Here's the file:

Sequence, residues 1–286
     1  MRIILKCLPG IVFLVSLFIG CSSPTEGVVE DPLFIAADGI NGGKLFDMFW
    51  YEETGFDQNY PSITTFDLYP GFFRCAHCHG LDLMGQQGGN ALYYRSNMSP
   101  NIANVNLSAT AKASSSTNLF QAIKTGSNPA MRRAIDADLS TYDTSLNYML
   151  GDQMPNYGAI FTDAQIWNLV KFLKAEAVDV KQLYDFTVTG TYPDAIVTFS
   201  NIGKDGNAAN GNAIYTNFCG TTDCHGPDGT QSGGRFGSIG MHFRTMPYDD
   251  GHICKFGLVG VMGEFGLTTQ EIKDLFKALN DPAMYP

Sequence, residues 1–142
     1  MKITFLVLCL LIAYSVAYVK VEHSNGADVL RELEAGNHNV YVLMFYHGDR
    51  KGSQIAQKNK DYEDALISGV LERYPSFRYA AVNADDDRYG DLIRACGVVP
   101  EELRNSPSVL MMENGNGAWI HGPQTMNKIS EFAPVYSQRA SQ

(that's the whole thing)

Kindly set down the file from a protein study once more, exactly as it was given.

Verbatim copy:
Sequence, residues 1–286
     1  MRIILKCLPG IVFLVSLFIG CSSPTEGVVE DPLFIAADGI NGGKLFDMFW
    51  YEETGFDQNY PSITTFDLYP GFFRCAHCHG LDLMGQQGGN ALYYRSNMSP
   101  NIANVNLSAT AKASSSTNLF QAIKTGSNPA MRRAIDADLS TYDTSLNYML
   151  GDQMPNYGAI FTDAQIWNLV KFLKAEAVDV KQLYDFTVTG TYPDAIVTFS
   201  NIGKDGNAAN GNAIYTNFCG TTDCHGPDGT QSGGRFGSIG MHFRTMPYDD
   251  GHICKFGLVG VMGEFGLTTQ EIKDLFKALN DPAMYP

Sequence, residues 1–142
     1  MKITFLVLCL LIAYSVAYVK VEHSNGADVL RELEAGNHNV YVLMFYHGDR
    51  KGSQIAQKNK DYEDALISGV LERYPSFRYA AVNADDDRYG DLIRACGVVP
   101  EELRNSPSVL MMENGNGAWI HGPQTMNKIS EFAPVYSQRA SQ